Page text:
China’s economic rise will not make it the dominant political power

Imaduddin Ahmed

Tufts Roundtable

Given its domestic market size, resources and untapped potential for leverage, China, according to Goldman Sachs’ projected rates of growth, is set to become the largest state economy by 2030.[1] The other BRIC economies, meanwhile, are projected to an aggregate economy worth half of the USA’s by that time, which will drop to the second largest economy. By 2050, China’s economy will, according to the same projections, be worth almost double the USA’s. The core EU states and Japan’s economies will have grown relatively little. A discussion, therefore, of China’s economy becoming the largest economy is relevant.

This article attempts to model the incentives, constraints and strategies of China and other relevant actors (the United States, Japan, the EU and multinational corporations) through a state-non-state actor prism in order to predict whether China’s rise as the world’s largest economy will spell the end of the current era of globalization and a new dawn for mercantilism.

The USA, EU states and Japan have grown together since the Second World War under the cover of US hegemonic stability, with the USA lending capital, maintaining open markets, creating a foreign-exchange regime and coordinating macroeconomic lending.[2]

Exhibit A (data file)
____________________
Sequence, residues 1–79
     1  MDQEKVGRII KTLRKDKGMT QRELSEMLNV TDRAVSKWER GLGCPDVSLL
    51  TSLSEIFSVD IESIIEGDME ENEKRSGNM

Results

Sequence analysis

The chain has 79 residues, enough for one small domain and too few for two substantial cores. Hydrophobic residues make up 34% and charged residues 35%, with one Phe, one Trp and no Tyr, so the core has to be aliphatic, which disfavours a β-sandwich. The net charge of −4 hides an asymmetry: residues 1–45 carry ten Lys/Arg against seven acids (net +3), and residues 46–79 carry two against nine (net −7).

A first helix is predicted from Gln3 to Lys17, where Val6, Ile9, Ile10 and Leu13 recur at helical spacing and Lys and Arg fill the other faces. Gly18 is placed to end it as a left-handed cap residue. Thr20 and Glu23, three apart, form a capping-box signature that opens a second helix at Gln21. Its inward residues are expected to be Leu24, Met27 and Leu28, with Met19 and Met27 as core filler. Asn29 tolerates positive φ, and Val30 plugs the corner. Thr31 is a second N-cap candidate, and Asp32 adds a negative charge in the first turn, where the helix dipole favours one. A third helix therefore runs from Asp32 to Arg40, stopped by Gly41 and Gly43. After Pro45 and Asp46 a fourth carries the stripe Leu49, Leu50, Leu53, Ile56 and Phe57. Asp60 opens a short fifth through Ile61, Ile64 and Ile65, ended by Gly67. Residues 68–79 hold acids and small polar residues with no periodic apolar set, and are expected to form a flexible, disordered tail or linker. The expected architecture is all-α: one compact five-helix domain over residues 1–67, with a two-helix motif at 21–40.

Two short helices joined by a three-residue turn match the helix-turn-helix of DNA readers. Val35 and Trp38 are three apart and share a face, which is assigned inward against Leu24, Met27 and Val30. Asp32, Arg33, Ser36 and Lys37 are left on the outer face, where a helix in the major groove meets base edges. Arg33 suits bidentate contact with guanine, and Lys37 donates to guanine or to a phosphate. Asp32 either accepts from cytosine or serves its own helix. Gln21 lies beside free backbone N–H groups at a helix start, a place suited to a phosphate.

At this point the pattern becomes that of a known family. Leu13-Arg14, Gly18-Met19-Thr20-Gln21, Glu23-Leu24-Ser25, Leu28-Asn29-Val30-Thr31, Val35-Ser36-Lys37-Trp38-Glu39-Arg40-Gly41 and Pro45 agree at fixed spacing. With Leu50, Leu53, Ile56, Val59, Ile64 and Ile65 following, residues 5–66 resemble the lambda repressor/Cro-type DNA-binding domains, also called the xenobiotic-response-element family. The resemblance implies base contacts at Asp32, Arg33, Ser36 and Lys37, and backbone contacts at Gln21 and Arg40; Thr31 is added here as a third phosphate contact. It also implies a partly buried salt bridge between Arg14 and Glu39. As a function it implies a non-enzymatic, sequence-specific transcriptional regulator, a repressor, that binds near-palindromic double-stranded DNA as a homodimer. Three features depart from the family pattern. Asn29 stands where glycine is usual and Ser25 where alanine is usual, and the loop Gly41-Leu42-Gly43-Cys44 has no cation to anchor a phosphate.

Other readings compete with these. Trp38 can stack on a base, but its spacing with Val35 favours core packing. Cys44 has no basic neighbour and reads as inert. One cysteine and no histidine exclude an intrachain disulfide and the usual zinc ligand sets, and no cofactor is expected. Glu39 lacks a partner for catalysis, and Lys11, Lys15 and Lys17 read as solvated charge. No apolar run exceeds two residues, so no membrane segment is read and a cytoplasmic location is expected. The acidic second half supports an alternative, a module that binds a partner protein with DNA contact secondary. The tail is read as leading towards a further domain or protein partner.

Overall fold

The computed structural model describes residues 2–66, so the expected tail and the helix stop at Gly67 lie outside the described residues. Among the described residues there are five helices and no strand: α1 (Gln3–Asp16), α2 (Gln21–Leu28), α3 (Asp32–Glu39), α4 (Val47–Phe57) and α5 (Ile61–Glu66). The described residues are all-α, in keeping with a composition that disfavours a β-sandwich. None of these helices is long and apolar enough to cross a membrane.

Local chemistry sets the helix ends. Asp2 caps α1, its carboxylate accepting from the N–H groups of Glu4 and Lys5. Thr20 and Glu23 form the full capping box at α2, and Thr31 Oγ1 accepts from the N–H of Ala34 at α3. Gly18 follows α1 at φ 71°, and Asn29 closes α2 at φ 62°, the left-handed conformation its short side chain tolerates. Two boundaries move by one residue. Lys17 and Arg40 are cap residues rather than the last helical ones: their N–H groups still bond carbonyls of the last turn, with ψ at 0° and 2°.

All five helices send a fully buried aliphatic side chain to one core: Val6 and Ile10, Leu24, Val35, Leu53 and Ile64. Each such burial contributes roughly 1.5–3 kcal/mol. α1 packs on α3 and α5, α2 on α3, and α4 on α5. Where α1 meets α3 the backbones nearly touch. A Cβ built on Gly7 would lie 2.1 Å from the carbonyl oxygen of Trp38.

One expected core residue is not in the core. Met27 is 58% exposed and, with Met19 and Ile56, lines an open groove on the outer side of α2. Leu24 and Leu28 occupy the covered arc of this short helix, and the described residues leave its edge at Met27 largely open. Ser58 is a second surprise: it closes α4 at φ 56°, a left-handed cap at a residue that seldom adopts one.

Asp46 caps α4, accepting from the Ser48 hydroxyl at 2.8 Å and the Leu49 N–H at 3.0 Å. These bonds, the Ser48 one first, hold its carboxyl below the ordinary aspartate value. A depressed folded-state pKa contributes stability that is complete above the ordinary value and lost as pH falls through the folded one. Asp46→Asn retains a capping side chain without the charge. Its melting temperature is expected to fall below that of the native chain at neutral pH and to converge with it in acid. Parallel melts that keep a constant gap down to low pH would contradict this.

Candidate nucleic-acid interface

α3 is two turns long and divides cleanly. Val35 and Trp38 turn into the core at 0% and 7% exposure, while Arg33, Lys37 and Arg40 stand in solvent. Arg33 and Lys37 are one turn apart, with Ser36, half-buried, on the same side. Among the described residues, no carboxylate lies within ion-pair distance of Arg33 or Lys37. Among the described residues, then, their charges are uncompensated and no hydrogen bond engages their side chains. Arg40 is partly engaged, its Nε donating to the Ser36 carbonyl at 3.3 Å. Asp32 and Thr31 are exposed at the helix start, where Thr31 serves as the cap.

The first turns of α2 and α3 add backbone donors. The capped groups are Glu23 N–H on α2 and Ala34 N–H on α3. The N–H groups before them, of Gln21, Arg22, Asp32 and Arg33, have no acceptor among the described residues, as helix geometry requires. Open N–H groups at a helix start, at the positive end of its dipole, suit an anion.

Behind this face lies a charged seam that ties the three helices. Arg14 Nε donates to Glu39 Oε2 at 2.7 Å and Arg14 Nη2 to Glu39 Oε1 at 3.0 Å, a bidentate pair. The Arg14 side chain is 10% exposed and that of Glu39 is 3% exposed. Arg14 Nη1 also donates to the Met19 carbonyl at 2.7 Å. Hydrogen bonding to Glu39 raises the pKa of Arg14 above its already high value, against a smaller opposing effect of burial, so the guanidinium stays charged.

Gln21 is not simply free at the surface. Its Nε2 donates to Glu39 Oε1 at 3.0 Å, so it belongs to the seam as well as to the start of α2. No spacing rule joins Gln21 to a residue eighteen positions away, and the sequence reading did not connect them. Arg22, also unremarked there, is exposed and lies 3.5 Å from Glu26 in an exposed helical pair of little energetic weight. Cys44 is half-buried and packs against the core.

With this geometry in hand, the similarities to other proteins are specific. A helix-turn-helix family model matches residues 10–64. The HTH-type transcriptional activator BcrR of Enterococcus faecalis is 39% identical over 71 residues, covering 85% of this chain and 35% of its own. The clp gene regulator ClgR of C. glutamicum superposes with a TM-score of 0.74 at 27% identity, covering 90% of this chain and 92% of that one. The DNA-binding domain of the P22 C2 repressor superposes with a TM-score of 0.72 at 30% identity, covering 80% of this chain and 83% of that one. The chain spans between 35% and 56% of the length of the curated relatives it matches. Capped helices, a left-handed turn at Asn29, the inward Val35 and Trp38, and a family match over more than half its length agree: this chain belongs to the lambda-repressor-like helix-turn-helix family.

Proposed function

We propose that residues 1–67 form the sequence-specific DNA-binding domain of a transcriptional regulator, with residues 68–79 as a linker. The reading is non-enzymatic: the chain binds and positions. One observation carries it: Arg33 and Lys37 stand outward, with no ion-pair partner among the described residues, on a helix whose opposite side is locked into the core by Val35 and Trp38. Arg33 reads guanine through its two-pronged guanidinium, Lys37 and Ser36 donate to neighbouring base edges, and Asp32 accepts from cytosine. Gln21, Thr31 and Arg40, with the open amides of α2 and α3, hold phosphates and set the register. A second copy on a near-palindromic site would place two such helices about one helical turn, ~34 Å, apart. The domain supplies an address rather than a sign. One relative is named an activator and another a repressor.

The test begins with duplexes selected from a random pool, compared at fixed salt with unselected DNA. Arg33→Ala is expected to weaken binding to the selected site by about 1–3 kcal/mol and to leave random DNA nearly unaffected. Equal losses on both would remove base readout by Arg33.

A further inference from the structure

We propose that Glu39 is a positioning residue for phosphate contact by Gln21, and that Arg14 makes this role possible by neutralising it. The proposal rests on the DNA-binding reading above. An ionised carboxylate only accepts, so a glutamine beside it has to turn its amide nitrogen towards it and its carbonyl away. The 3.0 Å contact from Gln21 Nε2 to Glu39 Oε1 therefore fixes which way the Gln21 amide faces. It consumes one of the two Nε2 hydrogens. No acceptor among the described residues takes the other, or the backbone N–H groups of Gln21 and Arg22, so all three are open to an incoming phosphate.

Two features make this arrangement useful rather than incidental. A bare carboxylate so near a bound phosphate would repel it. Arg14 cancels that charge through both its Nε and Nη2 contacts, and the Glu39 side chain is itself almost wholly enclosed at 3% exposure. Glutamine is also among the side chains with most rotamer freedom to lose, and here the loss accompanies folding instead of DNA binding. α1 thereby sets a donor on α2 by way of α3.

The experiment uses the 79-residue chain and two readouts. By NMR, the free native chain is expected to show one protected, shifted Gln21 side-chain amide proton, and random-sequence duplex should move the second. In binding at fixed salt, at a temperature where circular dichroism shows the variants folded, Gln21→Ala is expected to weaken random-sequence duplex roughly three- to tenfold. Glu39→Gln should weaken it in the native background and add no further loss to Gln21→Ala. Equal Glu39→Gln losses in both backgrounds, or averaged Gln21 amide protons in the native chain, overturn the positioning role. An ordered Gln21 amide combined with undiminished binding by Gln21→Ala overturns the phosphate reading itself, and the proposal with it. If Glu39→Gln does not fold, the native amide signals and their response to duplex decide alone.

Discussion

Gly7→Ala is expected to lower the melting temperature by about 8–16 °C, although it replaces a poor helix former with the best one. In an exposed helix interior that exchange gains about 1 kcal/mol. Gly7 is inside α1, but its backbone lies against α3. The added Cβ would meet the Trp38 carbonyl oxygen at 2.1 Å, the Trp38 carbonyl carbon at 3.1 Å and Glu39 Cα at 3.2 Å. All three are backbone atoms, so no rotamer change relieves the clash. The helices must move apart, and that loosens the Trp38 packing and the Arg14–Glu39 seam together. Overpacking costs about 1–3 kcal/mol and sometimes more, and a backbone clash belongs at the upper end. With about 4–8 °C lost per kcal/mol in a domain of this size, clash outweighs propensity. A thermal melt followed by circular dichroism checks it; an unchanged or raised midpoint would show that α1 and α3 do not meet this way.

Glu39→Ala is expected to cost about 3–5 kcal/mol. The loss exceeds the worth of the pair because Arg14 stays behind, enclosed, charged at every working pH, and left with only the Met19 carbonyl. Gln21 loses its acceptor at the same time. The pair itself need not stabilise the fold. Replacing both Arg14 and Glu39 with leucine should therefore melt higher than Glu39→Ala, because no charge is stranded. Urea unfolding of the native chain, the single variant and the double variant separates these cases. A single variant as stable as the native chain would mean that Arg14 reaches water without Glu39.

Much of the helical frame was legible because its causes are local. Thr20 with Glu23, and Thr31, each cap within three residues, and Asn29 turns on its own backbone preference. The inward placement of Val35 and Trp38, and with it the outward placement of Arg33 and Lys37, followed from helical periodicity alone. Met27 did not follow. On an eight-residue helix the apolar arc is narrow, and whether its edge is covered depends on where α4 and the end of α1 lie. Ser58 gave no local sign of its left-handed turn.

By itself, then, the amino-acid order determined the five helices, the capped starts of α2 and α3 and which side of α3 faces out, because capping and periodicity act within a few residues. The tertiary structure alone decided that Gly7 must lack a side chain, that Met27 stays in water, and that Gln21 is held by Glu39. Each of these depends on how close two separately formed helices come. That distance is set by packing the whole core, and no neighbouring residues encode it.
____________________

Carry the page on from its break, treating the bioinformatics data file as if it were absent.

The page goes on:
While the EU states and Japan have not enjoyed hegemonic status, they have enjoyed economic prosperity, which is what the constituents of these liberal democracies demand of their elected state officials.

In light of US Cold-War posturing and military interventions since the 1950s, Gilpin and Krasner’s state-centric, realist view of the USA as a hegemon that created a liberal international economy primarily to promote its own political and security interests[3] seems compelling.

China, meanwhile, is best understood as a realist state with a social contract with its citizenry to pursue power and economic growth,

‘Nationalism and economic performance [are] the twin pillars of [Chinese Communist Party] CCP legitimacy.’[4]

By liberalizing its economy, China has become the fourth largest economy in the world;[5] Chwieroth might try and explain this liberalization as the work of liberal economists within the Chinese state,[6] but Viner would correctly counter that as a realist state, China is concerned with accumulating wealth as a means of sustaining power, which in turn is necessary to sustain long-term prosperity and the security of the state.[7]

Nevertheless, China has attained its gain in wealth and power by playing the global hegemon’s game of trade liberalization. Can China usurp the role of global hegemon by playing a little longer? Why is the USA allowing China to play its game when China is seemingly making relative gains?

As a liberal-economy and democracy, the United States has weaknesses as a realist state. One is that it does not control enterprise. American firms will, as profit maximizing entities, seek to make investments in high growth markets, such as China, even if it means that China gains relatively more from the investment than does the USA. According to Oliver Williamson, American firms will even manage to create their own rules and transact where there was a lack of state governance of markets,[8] which further weakens the USA’s status as a purely realist state.